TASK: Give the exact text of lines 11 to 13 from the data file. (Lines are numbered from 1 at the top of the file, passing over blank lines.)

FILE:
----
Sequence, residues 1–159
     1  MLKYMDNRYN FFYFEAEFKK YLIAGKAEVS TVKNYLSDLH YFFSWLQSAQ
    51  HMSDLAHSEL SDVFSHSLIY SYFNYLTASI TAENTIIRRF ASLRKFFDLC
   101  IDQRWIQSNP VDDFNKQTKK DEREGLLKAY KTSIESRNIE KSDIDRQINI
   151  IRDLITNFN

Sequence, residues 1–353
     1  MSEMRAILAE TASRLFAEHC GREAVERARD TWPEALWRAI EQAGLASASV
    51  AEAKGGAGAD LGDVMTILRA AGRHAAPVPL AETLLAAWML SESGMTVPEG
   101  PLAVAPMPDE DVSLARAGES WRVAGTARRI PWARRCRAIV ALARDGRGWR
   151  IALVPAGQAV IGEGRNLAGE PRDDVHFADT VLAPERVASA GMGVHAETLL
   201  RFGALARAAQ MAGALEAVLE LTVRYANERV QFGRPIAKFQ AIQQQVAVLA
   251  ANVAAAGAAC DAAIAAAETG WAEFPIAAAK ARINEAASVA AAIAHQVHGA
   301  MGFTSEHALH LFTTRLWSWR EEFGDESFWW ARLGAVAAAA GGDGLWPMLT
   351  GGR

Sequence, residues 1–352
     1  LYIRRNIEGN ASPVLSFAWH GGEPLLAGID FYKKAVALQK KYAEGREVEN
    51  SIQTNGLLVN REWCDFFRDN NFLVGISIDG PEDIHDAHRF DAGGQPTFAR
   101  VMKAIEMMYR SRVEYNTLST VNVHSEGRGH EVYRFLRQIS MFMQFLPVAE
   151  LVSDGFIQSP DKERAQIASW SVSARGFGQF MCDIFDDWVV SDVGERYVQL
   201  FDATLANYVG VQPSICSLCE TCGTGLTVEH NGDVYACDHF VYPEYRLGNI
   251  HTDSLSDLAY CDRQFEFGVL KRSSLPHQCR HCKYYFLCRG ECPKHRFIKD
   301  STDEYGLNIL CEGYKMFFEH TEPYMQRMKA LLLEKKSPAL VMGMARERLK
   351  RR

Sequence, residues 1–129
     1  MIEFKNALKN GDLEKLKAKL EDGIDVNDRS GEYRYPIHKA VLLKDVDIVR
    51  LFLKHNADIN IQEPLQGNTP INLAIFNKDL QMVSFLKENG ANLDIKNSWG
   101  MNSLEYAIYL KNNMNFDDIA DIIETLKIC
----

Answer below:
   201  RFGALARAAQ MAGALEAVLE LTVRYANERV QFGRPIAKFQ AIQQQVAVLA
   251  ANVAAAGAAC DAAIAAAETG WAEFPIAAAK ARINEAASVA AAIAHQVHGA
   301  MGFTSEHALH LFTTRLWSWR EEFGDESFWW ARLGAVAAAA GGDGLWPMLT